Author: Lyn Lifshin

you know the story of
the woman in a
turret and how ivy
puts its fingers
across the moon.
And besides, no one
could hear. Ivy
that grows like
kudzu in the
deepest part of Georgia
swallowing up a
single house
in one night. I would
have lowered my long
hair to a lover,
lured him with blood
in a bottle, each
drop a ruby with
a poem etched on it.
Or carved my initials
in the grey stone
around his heart. I’d
have talked to the
birds or waited,
slept 20 years, given
away my children.
Only I was outside
trying to get in

Visit Lyn Lifshin online. Check out her book Knife Edge & Absinthe: The Tango Poems,

lightening with moths

white behind the walnuts

If a woman couldn’t sleep
and came to this window
in this light her skin
would glow like bones

Clouds over the full moon
even with the wind

What would have been
nuts looks like limes
on the white stones,

it sounds like some
one tapping on a glass
coffin. It sounds

like someone tapping
from within the tree

Visit Lyn Lifshin online. Check out her book Knife Edge & Absinthe: The Tango Poems,

A girl goes into the woods
and for what reason
disappears behind branches
and is never heard from again.
We don’t really know why,
she could have gone shopping
or had lunch with her mother
but instead has gone into
woods, alone, without the lover,
and not for leaves or flowers.
It was a clear bright day
very much like today.
It was today. Now you might
imagine I’m that girl,
it seems there are reasons. But
first consider: I don’t live
very near those trees and my
head is already wild with branches

Visit Lyn Lifshin online. Check out her book Knife Edge & Absinthe: The Tango Poems,

Enheduanna braids her
long black braids. Behind
her eyes, temples grow
out of cosmic mist,
lift their necks to the sky.
Sometimes she longs
to be small enough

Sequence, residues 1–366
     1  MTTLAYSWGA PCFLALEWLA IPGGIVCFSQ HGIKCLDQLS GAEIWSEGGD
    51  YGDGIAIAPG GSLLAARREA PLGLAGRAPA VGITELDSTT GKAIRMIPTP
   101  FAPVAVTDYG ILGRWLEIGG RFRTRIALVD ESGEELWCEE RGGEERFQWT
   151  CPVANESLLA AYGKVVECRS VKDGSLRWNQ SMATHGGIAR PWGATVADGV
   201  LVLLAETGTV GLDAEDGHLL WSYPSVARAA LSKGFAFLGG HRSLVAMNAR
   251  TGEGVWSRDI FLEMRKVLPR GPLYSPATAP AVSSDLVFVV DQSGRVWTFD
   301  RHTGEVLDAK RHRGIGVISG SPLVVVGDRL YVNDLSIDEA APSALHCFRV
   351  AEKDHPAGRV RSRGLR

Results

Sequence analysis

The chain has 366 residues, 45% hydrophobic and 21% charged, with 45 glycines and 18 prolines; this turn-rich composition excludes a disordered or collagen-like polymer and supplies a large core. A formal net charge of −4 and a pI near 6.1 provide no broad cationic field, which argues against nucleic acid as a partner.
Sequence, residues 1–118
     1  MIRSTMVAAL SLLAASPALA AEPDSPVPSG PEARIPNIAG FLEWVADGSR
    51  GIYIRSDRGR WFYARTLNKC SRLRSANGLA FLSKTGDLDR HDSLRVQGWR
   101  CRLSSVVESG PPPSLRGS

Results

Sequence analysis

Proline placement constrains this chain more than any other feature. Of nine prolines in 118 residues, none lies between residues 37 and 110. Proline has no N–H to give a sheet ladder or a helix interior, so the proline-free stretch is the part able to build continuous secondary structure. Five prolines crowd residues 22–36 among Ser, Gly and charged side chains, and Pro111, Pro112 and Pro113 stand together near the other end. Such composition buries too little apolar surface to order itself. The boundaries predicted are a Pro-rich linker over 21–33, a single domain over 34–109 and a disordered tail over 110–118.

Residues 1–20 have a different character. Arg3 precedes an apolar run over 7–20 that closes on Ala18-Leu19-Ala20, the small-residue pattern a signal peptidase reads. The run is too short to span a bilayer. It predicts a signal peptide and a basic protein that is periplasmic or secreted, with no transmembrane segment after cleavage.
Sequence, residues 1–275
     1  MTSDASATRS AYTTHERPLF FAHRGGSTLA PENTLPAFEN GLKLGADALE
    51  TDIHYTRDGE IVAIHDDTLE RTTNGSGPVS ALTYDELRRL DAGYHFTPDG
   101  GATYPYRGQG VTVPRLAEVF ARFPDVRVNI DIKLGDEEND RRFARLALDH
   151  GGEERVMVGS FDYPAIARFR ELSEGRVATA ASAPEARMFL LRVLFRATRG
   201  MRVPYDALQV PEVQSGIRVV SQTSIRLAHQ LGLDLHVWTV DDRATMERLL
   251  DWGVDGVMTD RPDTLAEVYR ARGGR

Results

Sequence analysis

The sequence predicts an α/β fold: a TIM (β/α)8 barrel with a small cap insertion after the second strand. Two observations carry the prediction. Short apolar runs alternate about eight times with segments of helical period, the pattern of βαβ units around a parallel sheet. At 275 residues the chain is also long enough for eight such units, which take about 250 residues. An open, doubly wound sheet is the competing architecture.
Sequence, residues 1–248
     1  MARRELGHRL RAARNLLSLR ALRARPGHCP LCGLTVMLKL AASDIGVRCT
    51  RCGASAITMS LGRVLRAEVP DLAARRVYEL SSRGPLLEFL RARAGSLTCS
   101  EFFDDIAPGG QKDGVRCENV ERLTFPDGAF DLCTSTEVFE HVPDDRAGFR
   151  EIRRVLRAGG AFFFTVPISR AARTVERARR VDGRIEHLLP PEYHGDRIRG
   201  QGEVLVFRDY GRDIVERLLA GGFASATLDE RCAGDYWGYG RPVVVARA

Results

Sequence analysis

to play in her mother’s
quilts and weavings.
Sometimes she feels over-
whelmed by life’s mystery
and fear, its terror and
dread, it’s beauty and
desire. Think of her as a
torch singer, belting
out what scorches and
what can calm, her songs
carved into hard clay that
will dance, a wild jazz
scat. Her skin smells of
saffron and sun, the music
of the Euphrates in the
back ground, she scatters
her stories in the rushes.
Images flutter in and
out of the palace walls until,
like an ink tattoo, she
pierces the clay like skin
and tells the wild story

Sargon must have held
this baby daughter,
palm date fronds
blowing in an olive
wind. His pale jewel.
Lutes in the distance,
small stringed
instruments. Under
the house, bones
of dead families
wrapped in maps and
carpets, dead children
in clay jars with
precious objects: cow
lamb, turtles, jars
of rich food
and barley with the
hope that the
spirit may be re-
born, come back to
then in the flesh again

showing off her new ink.
Let her father do what
he has to being leader,
in control, doing his
kingly duties. Today no
woman is as wildly
passionate, a headstrong
beauty, a lyrical torch
singer who would be as
happy not being out
with the crowds.
Ambivalent and fearsome,
her voice a jazz blues
riff, feminist jazz
humming. And would
you expect less from
a woman who couldn’t
sleep and walked out alone
under the stars and could
not keep what was
pulsing inside her, dug
her feelings into clay
and signed her name as
no one else had before